Do you experience anxiety, extreme shyness or have trouble making friends?

 

Artwork by Jason Limon

Artwork by Jason Limon

Are you experiencing:

“Crippling social anxiety?

EXTREME shyness?

Trouble making casual friends?

Feeling isolated?  

You’re not alone ….

There’s a chance you may be among the gifted few,

Blessed with expansion-pack wiring.

Don’t suffer in silence ,

Explore the wonders of Asperger’s.  

Find your tribe,

You’ll be relieved you did.”

Words by  Kami Bee.

You are always welcome to come and join us at  WASP Women’s Asperger’s Syndrome Awareness Page to learn more. http://www.facebook.com/waspwantsyou

 

This Is Autism

Originally posted on Signposts in the fog:

I live in the moment.
The immediate.
I stop to smell the roses.
I also smell burning way before anyone else (other than another autistic person, perhaps).
My husband affectionately called me a bloodhound.
I see order in chaos.
My filing system is chaotic.
I cannot work with it in any other way.
I systemise everything in my life.
People talk to me about their problems because I see solutions others often don’t see.
I think outside the box.
I am outside the box.
I form deep connections with people.
My conversation is not frivolous.
I get to the point.
I accept and respect without judgement.
I don’t conform.
I’m a vegetarian who eats fish, and chicken.
Oh and occasionally sweet and sour spare ribs, but only if they haven’t come from gerbils.
I believe everything I’m told.
I’m innocent, despite my experience.
I’m loyal.
I’m focused.
I have high…

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When Doctors Decide Your Disease Doesn’t Actually Exist

seventhvoice:

Fantastic article……

Originally posted on pundit from another planet:

People come to like their diagnoses, or at least to feel that they have explanatory power for the dissatisfactions in their lives.

shutterstock_156147731

images courtesy shutterstock / wallybird

Theodore Dalrymple writes: Diseases that have no objective tests to distinguish them from normality have a tendency to spread like fungus: for example, it is years since I heard anyone say that he was unhappy rather than depressed, and it cannot be a coincidence that 10 percent of the populations of most western countries are now taking antidepressants. Yet the state of melancholia undoubtedly exists, as anyone who has seen a case will attest.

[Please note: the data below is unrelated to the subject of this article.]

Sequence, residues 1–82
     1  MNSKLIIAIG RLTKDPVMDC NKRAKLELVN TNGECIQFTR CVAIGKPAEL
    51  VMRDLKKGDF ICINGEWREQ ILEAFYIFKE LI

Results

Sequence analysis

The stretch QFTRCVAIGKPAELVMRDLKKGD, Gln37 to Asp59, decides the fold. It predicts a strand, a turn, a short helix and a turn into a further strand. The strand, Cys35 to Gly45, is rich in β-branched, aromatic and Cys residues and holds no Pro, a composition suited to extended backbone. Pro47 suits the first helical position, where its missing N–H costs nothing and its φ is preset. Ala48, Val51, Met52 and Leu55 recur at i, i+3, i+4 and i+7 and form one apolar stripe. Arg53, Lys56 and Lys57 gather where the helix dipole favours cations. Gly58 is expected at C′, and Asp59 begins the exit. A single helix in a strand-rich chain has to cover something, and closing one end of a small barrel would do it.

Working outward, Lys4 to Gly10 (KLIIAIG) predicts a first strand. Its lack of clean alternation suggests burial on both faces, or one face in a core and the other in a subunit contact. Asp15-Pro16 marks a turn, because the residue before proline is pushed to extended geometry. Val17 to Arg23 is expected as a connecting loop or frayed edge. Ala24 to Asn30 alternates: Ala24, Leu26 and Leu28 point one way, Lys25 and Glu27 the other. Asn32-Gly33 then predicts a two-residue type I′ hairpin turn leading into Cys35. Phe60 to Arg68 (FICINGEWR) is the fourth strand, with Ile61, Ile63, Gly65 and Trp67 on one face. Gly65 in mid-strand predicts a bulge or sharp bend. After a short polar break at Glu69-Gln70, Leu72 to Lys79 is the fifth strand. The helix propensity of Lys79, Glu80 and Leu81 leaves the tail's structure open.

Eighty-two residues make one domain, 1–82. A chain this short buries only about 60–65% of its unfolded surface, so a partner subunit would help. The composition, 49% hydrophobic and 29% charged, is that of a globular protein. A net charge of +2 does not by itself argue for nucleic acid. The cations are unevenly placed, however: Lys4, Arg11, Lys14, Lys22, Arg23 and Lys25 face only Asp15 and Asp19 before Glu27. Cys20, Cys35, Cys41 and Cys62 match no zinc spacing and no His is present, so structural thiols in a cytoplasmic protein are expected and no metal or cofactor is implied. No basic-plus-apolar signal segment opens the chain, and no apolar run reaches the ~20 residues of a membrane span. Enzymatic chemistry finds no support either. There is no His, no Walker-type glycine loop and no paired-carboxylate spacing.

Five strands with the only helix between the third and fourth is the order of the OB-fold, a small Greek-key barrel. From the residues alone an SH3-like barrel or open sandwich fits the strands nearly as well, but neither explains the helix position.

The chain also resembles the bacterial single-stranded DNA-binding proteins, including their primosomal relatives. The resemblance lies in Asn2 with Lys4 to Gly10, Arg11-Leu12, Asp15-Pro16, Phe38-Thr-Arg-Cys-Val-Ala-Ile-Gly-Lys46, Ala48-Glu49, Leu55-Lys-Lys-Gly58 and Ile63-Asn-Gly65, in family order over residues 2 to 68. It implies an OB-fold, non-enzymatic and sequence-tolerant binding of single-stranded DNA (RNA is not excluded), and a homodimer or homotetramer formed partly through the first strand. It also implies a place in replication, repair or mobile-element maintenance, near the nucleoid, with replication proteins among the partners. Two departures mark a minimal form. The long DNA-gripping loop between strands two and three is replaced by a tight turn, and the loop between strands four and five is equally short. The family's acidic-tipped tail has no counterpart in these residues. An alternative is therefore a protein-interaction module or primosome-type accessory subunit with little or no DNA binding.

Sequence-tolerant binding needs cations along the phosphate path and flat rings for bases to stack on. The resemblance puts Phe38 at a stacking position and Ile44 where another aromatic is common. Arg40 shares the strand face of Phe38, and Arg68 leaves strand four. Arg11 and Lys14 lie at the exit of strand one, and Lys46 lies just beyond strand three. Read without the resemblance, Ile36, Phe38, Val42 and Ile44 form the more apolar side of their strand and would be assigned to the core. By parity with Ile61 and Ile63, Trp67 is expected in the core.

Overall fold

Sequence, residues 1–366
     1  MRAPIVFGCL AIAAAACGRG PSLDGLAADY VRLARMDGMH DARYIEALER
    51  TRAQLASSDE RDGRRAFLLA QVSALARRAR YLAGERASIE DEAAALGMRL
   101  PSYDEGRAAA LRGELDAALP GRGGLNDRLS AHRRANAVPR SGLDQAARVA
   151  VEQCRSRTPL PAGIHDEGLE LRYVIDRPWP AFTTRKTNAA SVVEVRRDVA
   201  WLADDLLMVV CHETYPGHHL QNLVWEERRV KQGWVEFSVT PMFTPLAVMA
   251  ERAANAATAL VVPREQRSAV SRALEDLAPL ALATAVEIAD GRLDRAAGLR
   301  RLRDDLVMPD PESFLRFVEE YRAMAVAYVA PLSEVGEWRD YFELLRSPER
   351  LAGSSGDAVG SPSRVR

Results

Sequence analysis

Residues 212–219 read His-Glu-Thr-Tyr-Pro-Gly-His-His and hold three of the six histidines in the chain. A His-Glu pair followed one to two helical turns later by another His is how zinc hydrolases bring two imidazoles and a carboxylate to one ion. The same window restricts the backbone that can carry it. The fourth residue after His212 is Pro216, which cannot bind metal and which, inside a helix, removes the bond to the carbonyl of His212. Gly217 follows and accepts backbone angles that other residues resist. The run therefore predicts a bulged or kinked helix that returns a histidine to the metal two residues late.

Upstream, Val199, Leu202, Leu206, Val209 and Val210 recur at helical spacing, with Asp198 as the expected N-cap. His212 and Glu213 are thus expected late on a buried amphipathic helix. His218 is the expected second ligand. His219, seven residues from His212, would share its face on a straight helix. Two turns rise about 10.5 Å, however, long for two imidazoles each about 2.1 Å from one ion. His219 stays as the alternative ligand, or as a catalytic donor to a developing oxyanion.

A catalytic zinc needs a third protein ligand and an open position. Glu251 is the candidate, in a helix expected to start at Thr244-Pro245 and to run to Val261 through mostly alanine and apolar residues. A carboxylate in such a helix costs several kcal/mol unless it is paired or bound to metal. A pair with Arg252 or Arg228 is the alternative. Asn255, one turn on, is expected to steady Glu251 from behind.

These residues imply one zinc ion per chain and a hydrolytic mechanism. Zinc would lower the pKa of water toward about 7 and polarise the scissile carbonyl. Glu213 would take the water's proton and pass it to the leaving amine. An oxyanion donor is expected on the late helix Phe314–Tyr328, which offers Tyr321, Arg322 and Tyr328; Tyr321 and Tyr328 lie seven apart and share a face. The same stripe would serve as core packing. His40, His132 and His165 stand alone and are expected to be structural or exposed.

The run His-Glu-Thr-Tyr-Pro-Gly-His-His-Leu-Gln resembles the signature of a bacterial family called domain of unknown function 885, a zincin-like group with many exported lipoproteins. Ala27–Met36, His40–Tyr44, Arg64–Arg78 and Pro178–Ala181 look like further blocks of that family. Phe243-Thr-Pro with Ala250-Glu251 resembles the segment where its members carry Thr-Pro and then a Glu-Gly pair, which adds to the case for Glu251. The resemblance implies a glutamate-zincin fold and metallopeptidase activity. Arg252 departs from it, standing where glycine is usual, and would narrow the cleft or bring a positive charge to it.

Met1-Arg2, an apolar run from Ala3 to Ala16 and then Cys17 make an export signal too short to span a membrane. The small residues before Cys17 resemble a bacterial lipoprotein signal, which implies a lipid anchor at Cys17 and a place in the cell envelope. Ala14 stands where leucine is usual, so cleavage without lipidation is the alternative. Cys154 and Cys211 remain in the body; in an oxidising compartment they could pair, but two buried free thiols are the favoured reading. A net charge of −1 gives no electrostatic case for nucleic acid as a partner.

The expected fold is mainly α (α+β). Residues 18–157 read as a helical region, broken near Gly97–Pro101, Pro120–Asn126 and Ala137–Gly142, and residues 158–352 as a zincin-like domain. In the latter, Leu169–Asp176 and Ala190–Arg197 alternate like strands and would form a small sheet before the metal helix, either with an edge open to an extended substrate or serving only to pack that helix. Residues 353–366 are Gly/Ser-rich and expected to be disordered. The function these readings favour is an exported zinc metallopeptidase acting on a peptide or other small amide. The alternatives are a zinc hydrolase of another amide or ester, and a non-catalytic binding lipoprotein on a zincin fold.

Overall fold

Likewise with autism. I remember an isolated, friendless and uncommunicative patient who tried to kill himself when his landlord could no longer tolerate the collection of light-bulbs that he had collected since childhood, was constantly enlarging, and that now threatened to fill the whole house. For the…

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What about girls with Asperger’s syndrome?

seventhvoice:

Great post…..

Originally posted on Land of My Sojourn:

In my last post, I said that I think researchers have overlooked Asperger’s syndrome in females, and that’s the biggest problem I have with the “extreme male brain” theory of autism. I’m not the only one that thinks so. Recently I read a very interesting article online from the British Sunday paper The Observer:

Doctors are ‘failing to spot Asperger’s in girls’by Amelia Hill, April 12, 2009.

The article quotes Dr. Judith Gould, director of the UK’s National Autistic Society.  In 1979, she and Lorna Wing co-wrote a paper that helped to begin the process of defining Asperger’s and the autism spectrum.  The British government is forming a strategy on dealing with autism, and Gould is pushing for an effort to pay attention to girls on the spectrum.

“We’re failing girls at the moment. We are doing many thousands of them a great disservice. They are either…

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Are we underdiagnosing autism in girls?

Originally posted on Equal Writes:

by Malavika Balachandran

At Camp Sunshine, a summer camp for mentally disabled children that I used to work at as a camp counselor, we had very few (if any) female participants with autism spectrum disorders. The female campers on the autism spectrum always had autism, and not Asperger’s Syndrome, which is characterized by delay in social development, but not verbal development. Doctors, when diagnosing Asperger’s Syndrome, search for lack of friendship, poor social skills, and very intense interests. However, these symptoms represent stereotyped behaviors of males with the disorder, and thus thousands of girls with Asperger’s Syndrome are going undiagnosed. Females with the disorder, while lacking the social interaction skills, often mask their disorder through silence or imitation of others; also females with the disorder are more likely to have friends than males with the disorder and are less likely to externalize their frustrations and instead passive-aggressively deal with their…